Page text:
“I think it is better that every side goes back and reflects on their responsibility, (and on whether) they want this process to continue or not,” Lakhdar Brahimi told reporters in Geneva.
Speaking on the final day of a second round of talks that have been mired from the start by blame-trading over the violence ravaging Syria, he apologized to the Syrian people for not making progress.
“I’m very, very sorry,” he said.
Brahimi said that the two sides now at least had reached agreement on an agenda for future talks – if they happen – something they had failed to do throughout the past week.
“At least we have agreed on an agenda. But we also have to agree on how we tackle that agenda,” Brahimi said, adding: “I very much hope there we will be a third round.”
Syria’s warring sides met in a last-ditch effort to save deadlocked peace talks amid fears that they could collapse altogether.
The second round of talks already appeared to fizzle out on Friday, but UN mediator Lakhdar Brahimi at the last moment invited the two sides to come back for a final joint meeting Saturday morning.
After days of discussions, the rivals stood further apart than ever, seeming to agree on only one thing: that the negotiations were going nowhere.
“We deeply regret that this round did not make any progress,” Syrian Deputy Foreign Minister Faisal Mikdad said after meeting Brahimi on Friday.
Opposition spokesman Louay Safi agreed: “The negotiations have reached an impasse.”
As the parties in Geneva failed to agree even on an agenda for their talks, the death toll mounted in Syria, where more than 100,000 people have been killed in three years.
A monitoring group this week that more than 5,000 people had been killed since a first round of talks began on January 22.
The United Nations warned Friday that more than 2,700 refugees had poured across the Lebanese border as the Syrian army carries out an offensive in the Qalamun mountains and heads towards the opposition-held town of Yabrud.
Thousands had already fled the town, but as many as 50,000 people were believed to still be inside.
In Geneva, the second round of talks, which began Monday, appeared set to wrap up Saturday with no sign of progress and it was unclear if Brahimi could convince the foes to come back for a third round of negotiations.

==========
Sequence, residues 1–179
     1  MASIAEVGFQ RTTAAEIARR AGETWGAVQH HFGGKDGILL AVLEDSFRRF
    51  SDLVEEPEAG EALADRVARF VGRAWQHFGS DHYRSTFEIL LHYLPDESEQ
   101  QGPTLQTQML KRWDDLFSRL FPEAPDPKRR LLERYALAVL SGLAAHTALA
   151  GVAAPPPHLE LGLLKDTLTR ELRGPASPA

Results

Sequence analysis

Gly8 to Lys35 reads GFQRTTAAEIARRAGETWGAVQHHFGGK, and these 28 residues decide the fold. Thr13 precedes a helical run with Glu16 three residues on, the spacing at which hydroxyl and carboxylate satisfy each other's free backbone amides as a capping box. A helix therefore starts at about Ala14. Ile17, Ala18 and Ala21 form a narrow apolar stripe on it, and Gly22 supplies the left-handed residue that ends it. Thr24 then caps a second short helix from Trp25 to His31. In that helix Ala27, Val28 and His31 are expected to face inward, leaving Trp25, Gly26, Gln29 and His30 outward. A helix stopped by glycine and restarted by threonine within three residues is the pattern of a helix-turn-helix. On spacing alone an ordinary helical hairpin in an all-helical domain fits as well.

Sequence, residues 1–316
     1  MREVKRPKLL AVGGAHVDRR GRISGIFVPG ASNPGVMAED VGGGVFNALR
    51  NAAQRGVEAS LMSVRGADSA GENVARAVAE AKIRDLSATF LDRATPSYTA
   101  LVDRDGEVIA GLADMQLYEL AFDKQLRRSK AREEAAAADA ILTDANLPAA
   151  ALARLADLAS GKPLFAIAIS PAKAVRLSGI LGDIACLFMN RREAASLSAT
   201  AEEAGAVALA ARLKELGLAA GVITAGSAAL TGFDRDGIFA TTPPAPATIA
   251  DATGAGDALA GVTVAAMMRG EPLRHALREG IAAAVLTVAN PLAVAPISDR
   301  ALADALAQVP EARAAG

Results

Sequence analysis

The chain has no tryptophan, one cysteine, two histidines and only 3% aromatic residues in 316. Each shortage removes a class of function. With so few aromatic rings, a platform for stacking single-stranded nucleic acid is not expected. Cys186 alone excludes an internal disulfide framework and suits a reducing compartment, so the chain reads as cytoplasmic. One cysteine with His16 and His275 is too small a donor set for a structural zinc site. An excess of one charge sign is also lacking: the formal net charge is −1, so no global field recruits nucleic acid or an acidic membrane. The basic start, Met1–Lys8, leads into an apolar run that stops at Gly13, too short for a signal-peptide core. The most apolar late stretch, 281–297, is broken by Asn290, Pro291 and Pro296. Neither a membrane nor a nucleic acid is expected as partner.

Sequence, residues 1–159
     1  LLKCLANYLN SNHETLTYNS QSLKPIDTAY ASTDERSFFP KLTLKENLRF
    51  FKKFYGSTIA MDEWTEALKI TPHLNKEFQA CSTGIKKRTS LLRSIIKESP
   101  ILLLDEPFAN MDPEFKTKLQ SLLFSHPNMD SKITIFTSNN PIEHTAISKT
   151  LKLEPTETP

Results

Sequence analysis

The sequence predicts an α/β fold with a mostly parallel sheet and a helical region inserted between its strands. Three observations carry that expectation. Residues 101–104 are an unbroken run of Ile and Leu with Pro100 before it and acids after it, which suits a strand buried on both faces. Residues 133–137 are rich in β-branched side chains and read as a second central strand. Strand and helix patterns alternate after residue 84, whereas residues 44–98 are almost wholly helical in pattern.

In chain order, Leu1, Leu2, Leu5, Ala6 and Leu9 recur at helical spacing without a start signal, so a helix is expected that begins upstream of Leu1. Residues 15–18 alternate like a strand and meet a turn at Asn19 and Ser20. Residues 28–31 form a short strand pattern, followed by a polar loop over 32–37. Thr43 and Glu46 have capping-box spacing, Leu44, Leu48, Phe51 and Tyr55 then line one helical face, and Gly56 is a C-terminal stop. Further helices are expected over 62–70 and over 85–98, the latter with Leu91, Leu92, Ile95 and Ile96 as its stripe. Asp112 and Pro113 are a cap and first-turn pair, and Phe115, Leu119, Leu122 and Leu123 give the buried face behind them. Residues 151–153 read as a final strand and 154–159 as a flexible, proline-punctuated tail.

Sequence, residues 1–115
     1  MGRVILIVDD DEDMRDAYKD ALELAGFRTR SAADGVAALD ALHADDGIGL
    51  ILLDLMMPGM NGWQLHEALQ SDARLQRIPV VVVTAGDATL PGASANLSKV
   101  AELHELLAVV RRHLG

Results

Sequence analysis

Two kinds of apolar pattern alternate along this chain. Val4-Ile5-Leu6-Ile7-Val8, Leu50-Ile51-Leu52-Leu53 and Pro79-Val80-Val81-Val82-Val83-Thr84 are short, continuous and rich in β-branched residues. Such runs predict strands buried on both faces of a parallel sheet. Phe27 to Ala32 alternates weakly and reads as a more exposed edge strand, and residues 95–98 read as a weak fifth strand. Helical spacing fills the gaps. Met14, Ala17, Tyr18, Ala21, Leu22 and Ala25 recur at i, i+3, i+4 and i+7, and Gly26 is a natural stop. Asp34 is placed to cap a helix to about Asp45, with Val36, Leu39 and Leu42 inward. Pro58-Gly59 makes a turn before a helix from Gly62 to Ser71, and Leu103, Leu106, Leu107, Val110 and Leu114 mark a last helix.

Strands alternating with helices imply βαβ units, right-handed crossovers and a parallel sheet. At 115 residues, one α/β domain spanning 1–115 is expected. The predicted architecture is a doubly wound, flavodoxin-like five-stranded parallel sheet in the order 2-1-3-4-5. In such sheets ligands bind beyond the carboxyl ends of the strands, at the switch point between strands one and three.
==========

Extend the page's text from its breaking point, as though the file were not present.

Washington, which backs the opposition and initiated the so-called Geneva II talks with regime ally Russia, voiced deep frustration Friday at the stalemate.
“Talks for show make no sense,” a senior US official said Friday.
US President Barack Obama vowed to push the regime harder.
“There will be some intermediate steps that we can take to apply more pressure to the Assad regime,” he said after talks with Jordanian King Abdullah II in California, but did not specify what such steps might be.
In an effort to inject life into the talks, both the United States and Russia sent top envoys to Geneva this week to meet Brahimi and the two sides.
But after a meeting with high-ranking US and Russian diplomats Thursday, the veteran peacemaker admitted that “failure is still staring us in the face”.
Washington blamed the impasse squarely on the Syrian regime, and chastised Moscow for not doing enough to push its ally to engage “seriously” in the process.
Regime representatives have so far refused to discuss anything beyond the “terrorism” it blames on its opponents and their foreign backers, and stubbornly insist President Bashar al-Assad’s position is non-negotiable.
They have declined to discuss the opposition coalition’s 24-point proposal for a political transition, or to consider Brahimi’s suggestion that the parties discuss the two issues in parallel.
Observers said the talks were hanging in the balance.
“We are in a dead end,” said a Western diplomat, warning prospects looked “grim” and that it would be tough for Brahimi to organize a third round.
Spokesman Safi said the opposition was appealing to the international community to “make a difference to push this process forward” but that a “pause” looked likely in the meantime.
Algerian veteran peacemaker Brahimi, who helped broker past deals in Lebanon, Afghanistan and Iraq, has pledged not to “leave one stone unturned if there is a possibility to move forward”.
But the Western diplomat cautioned: “I would not assume he will stay indefinitely,” saying Brahimi might have “concerns about his own credibility” if he allows the process to continue like a broken record.
The ongoing evacuation of civilians from besieged rebel-held areas of Homs – seen as the only tangible result so far of the Geneva II talks – has been hailed as a relative success.
But UN humanitarian chief Valerie Amos expressed frustration at the “extremely limited and painstakingly slow” process of getting 1,400 people out, given that 250,000 are under siege across Syria.
Syria’s deputy foreign minister Mikdad had sharp words for Amos, accusing her of an “unacceptable” failure to recognize there was “terrorism” in Syria and that it hindered aid operations.